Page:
When the Global Gender Gap Report was first published by the World Economic Forum in 2006, the focus on the disparity between gender within society came into the fore. Government policy makers across the world were finally benchmarked on how well they divided resources and opportunities among their male and female populations.
In the 15 years since that first report, you would have thought that the conversation would have been laid to rest. Whilst ground has been made, we all know that the conversation is as important today as it ever was.
A 2021 publication by the European Commission states that the EU gender pay gap resides at 14.1%. In other words, women earn 86 cents for every €1 earnt by a man. The publication goes on to highlight that the long term implications of lower pay, fewer opportunities for career progression and more career breaks due to childcare responsibilities will have a far greater impact on women’s finances in retirement. Having less money to save and invest will mean that women have a 30.1% pension gap compared to men.
It goes without saying that there needs to be a seismic shift in attitudes towards women’s role in the workplace if the cycle of inequality is ever to be shut down.
The pay gap is one aspect in a much larger narrative surrounding gender inequality. Whilst laws surrounding gender discrimination are there to protect women, there is still work to do by employers to eradicate the habitual bias which can be prevalent in the workplace.
In an article published on Forbes, Bryan Robinson Ph.D. writes about instances of gender discrimination in US hospitals, despite laws and institutional policies being there to ‘protect’ female employees. The real life cases discussed in the article are shocking, no less because such instances happen around the world on a daily basis…even in 2021.
Astonishingly, 72% of victims of sexual discrimination do not lodge formal complaints against their perpetrators for fear of reprisals from their employers, according to a survey by CareerBuilder.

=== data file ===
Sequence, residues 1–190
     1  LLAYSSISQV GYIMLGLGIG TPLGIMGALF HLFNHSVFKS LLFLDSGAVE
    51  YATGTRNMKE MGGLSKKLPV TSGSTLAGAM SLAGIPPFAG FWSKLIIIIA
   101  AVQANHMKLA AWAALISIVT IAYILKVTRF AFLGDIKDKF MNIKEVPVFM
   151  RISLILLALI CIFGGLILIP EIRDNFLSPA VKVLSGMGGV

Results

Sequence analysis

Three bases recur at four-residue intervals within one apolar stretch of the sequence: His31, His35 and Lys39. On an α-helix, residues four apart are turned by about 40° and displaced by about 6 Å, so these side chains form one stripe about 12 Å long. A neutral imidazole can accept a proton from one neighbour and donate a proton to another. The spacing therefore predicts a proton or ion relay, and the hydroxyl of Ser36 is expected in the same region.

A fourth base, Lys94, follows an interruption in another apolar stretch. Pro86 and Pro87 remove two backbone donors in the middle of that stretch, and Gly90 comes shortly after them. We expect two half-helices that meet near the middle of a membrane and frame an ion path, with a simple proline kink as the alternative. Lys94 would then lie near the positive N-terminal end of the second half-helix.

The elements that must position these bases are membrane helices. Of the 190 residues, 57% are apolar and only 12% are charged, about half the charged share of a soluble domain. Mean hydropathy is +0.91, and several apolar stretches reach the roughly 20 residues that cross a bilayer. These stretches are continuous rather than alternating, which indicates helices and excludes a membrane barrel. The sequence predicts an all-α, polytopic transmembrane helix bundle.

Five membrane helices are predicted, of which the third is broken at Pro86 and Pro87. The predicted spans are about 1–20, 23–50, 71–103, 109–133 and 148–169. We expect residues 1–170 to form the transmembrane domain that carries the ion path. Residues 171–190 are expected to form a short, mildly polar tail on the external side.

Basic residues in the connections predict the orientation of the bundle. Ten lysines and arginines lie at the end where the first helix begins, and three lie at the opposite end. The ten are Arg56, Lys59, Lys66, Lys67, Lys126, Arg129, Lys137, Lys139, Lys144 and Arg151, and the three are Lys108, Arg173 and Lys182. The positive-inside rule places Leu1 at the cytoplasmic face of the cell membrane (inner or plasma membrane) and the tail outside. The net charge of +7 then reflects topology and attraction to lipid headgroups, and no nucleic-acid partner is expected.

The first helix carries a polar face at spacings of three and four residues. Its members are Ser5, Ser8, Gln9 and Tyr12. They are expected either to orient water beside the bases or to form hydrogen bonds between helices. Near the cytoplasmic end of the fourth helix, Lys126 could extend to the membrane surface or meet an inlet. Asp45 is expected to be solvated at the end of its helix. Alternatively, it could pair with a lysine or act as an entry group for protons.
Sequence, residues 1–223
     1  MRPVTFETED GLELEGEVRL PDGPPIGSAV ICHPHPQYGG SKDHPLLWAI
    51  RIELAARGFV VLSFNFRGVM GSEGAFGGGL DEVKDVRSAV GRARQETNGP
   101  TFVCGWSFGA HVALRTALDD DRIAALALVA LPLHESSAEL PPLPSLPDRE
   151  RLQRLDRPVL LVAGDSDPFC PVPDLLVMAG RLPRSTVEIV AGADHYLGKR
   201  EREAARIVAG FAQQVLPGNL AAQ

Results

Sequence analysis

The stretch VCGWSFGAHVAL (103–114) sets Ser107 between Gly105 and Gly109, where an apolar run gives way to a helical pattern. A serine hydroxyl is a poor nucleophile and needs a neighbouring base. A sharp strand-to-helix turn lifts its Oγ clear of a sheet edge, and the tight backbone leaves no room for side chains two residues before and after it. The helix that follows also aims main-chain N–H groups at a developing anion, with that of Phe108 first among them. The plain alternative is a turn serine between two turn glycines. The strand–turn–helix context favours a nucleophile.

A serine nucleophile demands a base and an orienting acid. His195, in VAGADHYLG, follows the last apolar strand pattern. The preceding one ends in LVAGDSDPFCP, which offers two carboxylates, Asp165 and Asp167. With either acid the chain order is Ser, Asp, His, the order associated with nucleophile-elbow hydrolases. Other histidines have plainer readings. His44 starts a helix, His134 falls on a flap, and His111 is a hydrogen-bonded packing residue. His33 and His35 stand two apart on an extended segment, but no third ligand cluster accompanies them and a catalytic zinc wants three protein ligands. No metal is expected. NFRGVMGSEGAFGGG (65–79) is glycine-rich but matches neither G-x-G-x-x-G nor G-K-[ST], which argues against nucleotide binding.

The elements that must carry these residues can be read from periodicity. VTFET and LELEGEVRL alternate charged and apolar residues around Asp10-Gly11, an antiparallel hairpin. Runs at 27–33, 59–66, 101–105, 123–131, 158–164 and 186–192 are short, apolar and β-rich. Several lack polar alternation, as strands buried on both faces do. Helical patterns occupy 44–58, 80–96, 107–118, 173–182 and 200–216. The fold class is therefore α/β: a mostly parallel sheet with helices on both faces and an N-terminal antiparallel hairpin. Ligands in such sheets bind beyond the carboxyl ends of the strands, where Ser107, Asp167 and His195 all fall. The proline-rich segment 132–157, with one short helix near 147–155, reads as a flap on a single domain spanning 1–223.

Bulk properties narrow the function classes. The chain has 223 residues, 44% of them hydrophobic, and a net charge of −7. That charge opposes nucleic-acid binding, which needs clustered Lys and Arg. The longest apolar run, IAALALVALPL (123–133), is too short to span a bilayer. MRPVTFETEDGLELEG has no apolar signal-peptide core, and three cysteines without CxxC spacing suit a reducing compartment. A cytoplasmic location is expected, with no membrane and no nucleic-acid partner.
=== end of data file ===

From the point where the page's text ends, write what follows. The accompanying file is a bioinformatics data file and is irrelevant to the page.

So, what does this mean?
The reality is that where gender bias remains unchecked, nothing will change.
We all know that stereotypes as a whole are harmful and limit a truly inclusive society. The OHCHR succinctly put it that gender stereotypes are harmful when they limit “women’s and men’s capacity to develop their personal abilities, pursue their professional careers and/or make choices about their lives.”
The result of bias at play during the COVID-19 pandemic has seen the gap widen. In the EU, the unemployment rate among women rose by 1.1% compared to 0.7% for men. Where women did retain jobs, many were forced to reduce hours to facilitate caregiving responsibilities. The International Labour Organization analysed monthly wages across 28 European countries and found that women on average saw a 8.1% decline in wages in the second quarter of 2020, compared to a 5.4% decline for men.
The effects of gender bias are not only profound on female career progression, it also impacts mental health, relationships and physical health. Depression, anxiety and burnout are not uncommon in work cultures where a woman’s contribution is undervalued. Postnatal depression is more common where a mother-to-be experiences gender bias at work – the effects of which can have a devastating impact on long term relationships, confidence and resilience.
A study by Bocconi University’s Department of Management and Technology found that 80% of jobs are communicated informally and that these communications are often “riddled with gender bias”. So even if fragile mental health is not a factor for a working mother, the conflicting needs of carer/career means that women often miss out on the opportunities to network and build relationships with colleagues in informal settings.
For male leaders, they may not consider a female colleague for a project or role because it is assumed that they would be unwilling to take on extra responsibility – removing the choice for women to make the decision for themselves.
The knock on effect of this is that women are less likely to be promoted into positions of influence and be able to drive forward policies of gender parity. At the start of 2020, women held 38% of management positions, compared to 62% of male managers and the 2020 Fortune 500 list showed that there were only 37 female CEOs, compared to 463 males CEOs.
Only by levelling the playing field for recruitment, attributing contribution and having a ‘safe’ culture where women can voice concerns will the dominance of gender bias be eroded in the future.
So, what are your human resources priorities this year?